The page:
January 20, 2010


Have you ever noticed how often people ignore their gut?

•    Tony’s girlfriend tells him she’s going to leave him if he doesn’t marry her.  His first thought is it would be a relief.  He quickly feels bad for having that thought and stuffs it down.
•    Joan finds out her husband has been talking on sex chat rooms.  Three years ago she caught him doing the same thing.  For a split second she wonders if he’s a sex addict.  She pushes the thought away.

Regardless of whether the topic is marriage, affairs, addictions or trust—too many people ignore their instincts.  And it costs them.

People ignore their instinct for many reasons: not wanting to feel bad, fear it may be true, fear it may break up the relationship, self doubt, the other person’s explanations, etc.  Too often we are too scared and don’t want to rock the boat.

The problem, however, is that boat is going to rock at some point if we don’t address the issue.  Pia Mellody has a great saying: “Hug your demons or they’re going to bite you in the ass.”  This is true for your gut as well.

When your gut is telling you something, it behooves you to listen.  Pretending something’s not there, doesn’t make it go away.  If anything, pretending gives the issue the time, space and freedom to grow.  Eventually, it will be too big to ignore and perhaps too big to move past.

If your instincts are telling you something’s off—check it out, don’t block it out.  Facing the issue up front is the best move you can make for your relationships—at any stage.

CHALLENGE:  Is there something your gut has been trying to tell you?  If so, have the courage to address the issue directly.  Listen to your gut when you hear the other person’s response.


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My name is Drew and I have been married to the greatest woman on this planet for twenty wonderful years. There was one problem in the past however, me. I led a double-life with my wife and another women I met in my local gym two years back. Initially I thought it was just a fling but developed serious feelings for the other woman. My wife eventually found out destroying our emotional bond. I'm here to tell you, ABSOLUTELY, POSITIVELY, TRUST YOUR GUT; IF YOU DON't, YOUR A FOOL. In a nutshell, the woman I dated outside of my marriage was a beautiful woman on the exterior but ugly on the inside. She was such a good liar, manipulator that my feelings for her blinded me. Yes, cell phone issues, lying about whereabouts, oh, and the best one, "he's just a friend." I know I went outside of my marriage and for that I am internally grateful that my wife was kind enough to take me back. Regardless of that, I suffered being in a relationship with someone who never told the truth, about small things etc. Do not ignore the signs, they are there to protect us. Now let's RECAP - If it doesn't feel right, question it, trust this horrible, anxious feeling in your gut when Sally says her phone was off because she forgot to charge it knowing she keeps it by her side 24-7), or if a co-worker is constantly texting her or she brings him up constantly (he's just a friend, lol).Your gut is not concrete, circumstantial,. TRUST IT, you'll be better off,. If I would have trusted mine, my wife would have hurt less, my children, and lastly me,.. God Bless,. Drew,.....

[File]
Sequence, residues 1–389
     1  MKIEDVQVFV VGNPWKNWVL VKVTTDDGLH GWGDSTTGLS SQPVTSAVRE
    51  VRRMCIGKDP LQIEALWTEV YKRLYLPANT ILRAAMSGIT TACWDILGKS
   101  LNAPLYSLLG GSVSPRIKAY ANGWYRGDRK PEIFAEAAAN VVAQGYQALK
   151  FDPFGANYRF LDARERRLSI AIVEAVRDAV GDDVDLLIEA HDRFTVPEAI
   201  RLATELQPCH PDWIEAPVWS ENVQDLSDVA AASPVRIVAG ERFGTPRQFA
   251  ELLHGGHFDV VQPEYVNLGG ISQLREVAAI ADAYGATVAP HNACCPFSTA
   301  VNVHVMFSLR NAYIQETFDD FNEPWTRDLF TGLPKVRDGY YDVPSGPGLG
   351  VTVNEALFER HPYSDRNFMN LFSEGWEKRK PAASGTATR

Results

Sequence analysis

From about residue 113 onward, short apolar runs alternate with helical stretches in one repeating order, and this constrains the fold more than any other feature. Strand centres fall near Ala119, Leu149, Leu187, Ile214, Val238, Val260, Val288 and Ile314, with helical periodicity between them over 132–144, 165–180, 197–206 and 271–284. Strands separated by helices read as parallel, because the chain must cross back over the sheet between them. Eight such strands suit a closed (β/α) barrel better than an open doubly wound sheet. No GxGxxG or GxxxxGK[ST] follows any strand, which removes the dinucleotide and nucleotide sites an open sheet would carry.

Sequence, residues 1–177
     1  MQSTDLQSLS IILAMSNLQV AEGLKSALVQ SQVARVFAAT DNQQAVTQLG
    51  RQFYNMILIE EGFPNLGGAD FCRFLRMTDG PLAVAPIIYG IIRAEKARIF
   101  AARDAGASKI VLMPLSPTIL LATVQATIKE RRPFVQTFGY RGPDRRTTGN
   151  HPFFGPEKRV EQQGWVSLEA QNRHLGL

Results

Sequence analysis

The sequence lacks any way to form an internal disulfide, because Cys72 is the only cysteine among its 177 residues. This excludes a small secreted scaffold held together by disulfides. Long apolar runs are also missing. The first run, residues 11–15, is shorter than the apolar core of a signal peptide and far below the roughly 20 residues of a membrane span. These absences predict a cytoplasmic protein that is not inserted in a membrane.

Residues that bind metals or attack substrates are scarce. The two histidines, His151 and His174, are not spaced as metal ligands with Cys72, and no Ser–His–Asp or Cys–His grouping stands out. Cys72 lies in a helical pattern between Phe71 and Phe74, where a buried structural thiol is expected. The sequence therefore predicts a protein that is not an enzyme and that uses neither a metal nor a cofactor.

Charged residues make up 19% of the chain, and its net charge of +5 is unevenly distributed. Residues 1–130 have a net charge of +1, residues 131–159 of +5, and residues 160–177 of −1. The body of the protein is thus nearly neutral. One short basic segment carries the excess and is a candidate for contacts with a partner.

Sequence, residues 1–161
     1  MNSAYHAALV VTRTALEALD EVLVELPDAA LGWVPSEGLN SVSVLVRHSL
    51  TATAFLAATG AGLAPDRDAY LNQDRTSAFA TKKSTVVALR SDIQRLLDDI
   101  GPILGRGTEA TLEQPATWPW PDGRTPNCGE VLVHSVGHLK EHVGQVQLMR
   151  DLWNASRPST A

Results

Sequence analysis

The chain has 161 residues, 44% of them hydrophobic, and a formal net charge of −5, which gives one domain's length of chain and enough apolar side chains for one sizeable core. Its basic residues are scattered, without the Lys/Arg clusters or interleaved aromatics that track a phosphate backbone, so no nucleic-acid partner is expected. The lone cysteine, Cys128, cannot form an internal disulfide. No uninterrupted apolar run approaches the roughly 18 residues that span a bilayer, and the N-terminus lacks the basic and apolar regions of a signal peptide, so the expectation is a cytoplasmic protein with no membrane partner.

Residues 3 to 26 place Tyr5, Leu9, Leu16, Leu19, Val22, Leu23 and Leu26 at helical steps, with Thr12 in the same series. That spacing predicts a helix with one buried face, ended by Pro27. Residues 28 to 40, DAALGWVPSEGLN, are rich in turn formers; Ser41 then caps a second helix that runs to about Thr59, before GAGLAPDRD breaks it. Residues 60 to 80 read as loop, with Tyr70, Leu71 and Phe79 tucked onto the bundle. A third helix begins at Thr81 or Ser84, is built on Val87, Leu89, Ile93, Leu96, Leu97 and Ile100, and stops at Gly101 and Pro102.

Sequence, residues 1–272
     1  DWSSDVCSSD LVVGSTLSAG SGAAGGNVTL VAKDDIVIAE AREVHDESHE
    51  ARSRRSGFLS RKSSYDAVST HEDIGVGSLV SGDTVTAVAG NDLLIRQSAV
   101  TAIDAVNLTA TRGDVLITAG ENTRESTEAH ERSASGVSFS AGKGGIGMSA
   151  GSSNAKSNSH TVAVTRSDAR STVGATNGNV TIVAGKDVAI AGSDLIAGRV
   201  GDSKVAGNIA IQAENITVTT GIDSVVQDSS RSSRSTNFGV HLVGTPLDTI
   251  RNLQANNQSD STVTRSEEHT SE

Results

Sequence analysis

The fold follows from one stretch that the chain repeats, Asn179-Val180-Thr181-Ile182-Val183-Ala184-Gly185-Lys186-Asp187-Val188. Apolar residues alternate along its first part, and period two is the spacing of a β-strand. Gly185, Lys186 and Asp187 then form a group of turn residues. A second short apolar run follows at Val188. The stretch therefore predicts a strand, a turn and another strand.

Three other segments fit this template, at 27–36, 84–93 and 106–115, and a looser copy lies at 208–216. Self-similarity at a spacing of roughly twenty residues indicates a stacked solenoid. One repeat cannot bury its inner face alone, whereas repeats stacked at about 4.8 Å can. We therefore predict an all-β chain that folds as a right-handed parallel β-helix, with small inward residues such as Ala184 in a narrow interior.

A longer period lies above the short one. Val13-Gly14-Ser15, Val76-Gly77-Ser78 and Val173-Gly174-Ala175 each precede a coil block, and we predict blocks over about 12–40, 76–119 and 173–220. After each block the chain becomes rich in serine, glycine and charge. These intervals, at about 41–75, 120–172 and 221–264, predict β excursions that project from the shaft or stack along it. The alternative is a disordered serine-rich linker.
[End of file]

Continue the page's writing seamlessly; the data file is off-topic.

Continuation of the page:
I think this article, while very simple, conveys an important message. I trusted my instincts with a former boyfriend and walked away before I got hurt and stopped things with a guy who I really felt like he was using me--he was. Don't ignore your instincts ladies. I firmly believe women have intuition that tells us to walk away and no matter how hard we fight it, we won't win!

I believe my husband is suffering from boderline personality disorder but he refuses to seek help. I end up reading books about it and try to figure out how to tackle the situation but my instincts tell me to let him know about BPD, what do you think?

DEAR MARY: BPD is a very serious diagnosis. I recommend that you be clear with him about how difficult it is to live with him at times due to his behavior (not BPD). I would then say you would like for both of you to seek professional help to work on your marriage. Discuss with the therapist your concerns about possible BPD. If he refuses to go, I would begin to set up consequences for that decision.
Take Care-Lisa

Hi, your articles are nice. They help me realize things better.
Thanks,all the way here in Manila.

DEAR JOY: Thank you so much for your kind feedback. I'm happy to hear my posts are helping.
Warm regards-Lisa

Recall as well that NOT saying something that you believe to be significant and true can be just as dishonest to your partner (and yourself) as telling a lie. Gosh, my wife and I faced nothing we felt for years and years. Guess where we are now?

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